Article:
Those Special Places that Make Public Lands Priceless
We want to know about those places, and so does Gov. Bullock
Earlier this year during the Montana State Legislative Session, you made phone calls to legislators, wrote letters to the editor, or perhaps joined more than five hundred fellow Montanans at a rally with Gov. Steve Bullock – all in support of our public lands. As a result, you helped defeat nearly a dozen dangerous bills aimed at selling our public lands to the highest bidders.
You helped defeat the lands transfer agenda not because of some abstract ideological reason. You did it because you love backpacking along the East Rosebud Trail in the Beartooths, because you love fly fishing along the North Fork of the Blackfoot River, because you love bagging Snowshoe Peak in the Cabinets, because you love hunting in the Missouri Breaks. You did it because there are certain places in Montana, on American public lands, that you hold dear, places where you can live the outdoor way of life that is your birthright. The radical fringe that tried to advance the lands transfer scheme didn’t count on how much we value these special places.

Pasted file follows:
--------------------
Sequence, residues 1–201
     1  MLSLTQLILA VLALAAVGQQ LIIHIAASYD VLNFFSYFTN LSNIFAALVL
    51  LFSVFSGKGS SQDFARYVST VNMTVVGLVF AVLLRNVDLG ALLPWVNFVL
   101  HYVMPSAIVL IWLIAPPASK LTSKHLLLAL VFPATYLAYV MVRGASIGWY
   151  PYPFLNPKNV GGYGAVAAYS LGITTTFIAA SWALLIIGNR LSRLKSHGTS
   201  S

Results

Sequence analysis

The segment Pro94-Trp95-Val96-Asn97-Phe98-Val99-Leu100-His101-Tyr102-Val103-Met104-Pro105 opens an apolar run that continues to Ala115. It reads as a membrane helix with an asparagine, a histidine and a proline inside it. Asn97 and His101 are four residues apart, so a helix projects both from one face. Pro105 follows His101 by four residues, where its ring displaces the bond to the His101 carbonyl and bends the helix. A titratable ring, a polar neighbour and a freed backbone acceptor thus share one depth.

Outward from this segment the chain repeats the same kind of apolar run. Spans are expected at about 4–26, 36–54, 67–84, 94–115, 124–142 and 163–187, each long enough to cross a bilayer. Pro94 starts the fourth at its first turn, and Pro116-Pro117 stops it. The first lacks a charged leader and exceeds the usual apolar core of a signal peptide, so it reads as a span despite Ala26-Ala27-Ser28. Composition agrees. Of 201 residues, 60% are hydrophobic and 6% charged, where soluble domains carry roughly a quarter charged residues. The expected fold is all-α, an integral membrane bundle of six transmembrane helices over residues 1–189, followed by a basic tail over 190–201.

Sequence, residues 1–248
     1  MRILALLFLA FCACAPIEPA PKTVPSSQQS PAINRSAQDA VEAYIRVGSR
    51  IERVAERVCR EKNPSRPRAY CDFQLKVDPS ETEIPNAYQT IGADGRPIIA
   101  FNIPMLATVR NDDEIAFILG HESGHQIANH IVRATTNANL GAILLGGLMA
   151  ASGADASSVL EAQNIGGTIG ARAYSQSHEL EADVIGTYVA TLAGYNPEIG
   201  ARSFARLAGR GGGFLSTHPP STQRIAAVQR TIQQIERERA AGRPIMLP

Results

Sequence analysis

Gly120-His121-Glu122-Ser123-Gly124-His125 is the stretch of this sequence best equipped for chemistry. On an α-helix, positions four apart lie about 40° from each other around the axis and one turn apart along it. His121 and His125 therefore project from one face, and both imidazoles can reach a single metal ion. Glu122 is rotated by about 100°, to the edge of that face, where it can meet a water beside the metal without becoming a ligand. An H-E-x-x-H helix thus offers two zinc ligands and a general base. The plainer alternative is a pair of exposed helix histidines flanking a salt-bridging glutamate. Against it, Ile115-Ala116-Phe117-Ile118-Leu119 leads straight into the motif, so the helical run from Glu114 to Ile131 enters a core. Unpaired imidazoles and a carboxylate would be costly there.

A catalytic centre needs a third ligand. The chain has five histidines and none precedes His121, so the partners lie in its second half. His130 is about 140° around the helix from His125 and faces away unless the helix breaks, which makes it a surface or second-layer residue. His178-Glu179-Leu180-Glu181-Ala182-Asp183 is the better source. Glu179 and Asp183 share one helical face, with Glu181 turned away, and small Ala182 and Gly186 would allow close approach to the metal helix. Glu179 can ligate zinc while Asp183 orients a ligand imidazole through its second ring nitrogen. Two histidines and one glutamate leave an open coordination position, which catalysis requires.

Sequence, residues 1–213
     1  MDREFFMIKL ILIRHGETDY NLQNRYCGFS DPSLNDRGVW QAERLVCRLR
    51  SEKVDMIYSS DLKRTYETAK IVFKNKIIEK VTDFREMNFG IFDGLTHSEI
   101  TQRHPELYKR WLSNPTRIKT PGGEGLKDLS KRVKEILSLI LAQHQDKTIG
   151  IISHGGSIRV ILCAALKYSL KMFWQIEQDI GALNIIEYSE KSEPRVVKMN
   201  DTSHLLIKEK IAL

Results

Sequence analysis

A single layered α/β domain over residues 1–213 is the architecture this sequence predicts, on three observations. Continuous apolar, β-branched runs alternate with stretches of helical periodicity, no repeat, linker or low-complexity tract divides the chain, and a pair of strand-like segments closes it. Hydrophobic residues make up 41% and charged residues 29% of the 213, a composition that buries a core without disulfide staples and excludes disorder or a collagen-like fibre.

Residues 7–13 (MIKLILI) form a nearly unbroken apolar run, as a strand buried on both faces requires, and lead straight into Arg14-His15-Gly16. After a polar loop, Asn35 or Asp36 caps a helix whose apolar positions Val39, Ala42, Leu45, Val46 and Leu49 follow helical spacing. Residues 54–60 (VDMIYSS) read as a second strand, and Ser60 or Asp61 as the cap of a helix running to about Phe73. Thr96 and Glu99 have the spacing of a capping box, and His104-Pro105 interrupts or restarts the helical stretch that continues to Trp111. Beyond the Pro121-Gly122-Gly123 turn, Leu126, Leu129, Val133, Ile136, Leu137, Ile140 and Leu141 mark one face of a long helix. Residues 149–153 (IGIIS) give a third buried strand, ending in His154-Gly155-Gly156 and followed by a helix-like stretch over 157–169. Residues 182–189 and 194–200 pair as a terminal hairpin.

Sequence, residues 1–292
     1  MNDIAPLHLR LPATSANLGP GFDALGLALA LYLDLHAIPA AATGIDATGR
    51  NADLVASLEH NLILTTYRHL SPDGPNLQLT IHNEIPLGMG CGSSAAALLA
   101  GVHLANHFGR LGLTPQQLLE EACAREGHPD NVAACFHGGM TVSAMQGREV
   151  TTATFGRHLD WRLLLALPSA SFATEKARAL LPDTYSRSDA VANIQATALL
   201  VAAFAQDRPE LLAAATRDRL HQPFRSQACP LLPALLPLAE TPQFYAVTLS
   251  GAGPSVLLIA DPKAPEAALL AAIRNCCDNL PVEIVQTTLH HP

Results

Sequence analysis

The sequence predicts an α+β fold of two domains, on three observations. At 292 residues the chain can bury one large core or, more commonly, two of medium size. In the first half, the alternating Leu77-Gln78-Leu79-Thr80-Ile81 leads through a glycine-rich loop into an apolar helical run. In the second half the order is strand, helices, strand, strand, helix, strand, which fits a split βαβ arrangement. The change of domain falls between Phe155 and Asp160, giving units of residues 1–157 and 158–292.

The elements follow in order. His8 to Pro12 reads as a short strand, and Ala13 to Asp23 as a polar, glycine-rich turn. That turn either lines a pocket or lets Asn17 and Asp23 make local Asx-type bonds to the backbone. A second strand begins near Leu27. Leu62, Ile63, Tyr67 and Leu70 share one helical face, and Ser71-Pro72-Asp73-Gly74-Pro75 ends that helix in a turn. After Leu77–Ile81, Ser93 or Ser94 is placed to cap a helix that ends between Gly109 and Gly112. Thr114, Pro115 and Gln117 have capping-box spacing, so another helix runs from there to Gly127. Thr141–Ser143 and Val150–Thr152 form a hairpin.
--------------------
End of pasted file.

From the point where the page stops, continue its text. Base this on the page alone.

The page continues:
We want to know about what those places mean to you and how we ought to promote and protect them, and so does Gov. Bullock.
You may want to share some thoughts with the governor on how we keep the radical transfer proponents at bay in the next legislature, how we can open access to public lands that private entities have locked us out of, or how we can protect public lands for the next generation of adventurers. Or you can simply share a precious memory of an experience you had on public lands.
If you'd like to send the governor a photo of your favorite backcountry campsite, a video of your kids fishing in your favorite mountain lake, or anything else visual that expresses how much public lands mean to you, you can email attachements directly to KeepItPublic@mt.gov. (Of course, there’s no need to reveal the exact location of your special places. After all, there are certain places that are just too good to reveal to the world.)
Whatever you share will help the governor fight for our public lands and help him make the indisputable case that public lands are essential to our quality and way of life.
We live and play in Montana for a reason. Access to world-class recreation opportunities abound around every corner – from skiing in the Bridger Mountains to floating any number of blue ribbon trout streams, Montanans truly live in the last best place. At least 71% of us participate in outdoor recreation each year, and that doesn even include hunting and fishing. Losing our public lands would mean losing our way of life.
Our wild country and quiet recreational traditions need a voice. You can be that voice.
- Clayton Elliott, MWA state policy director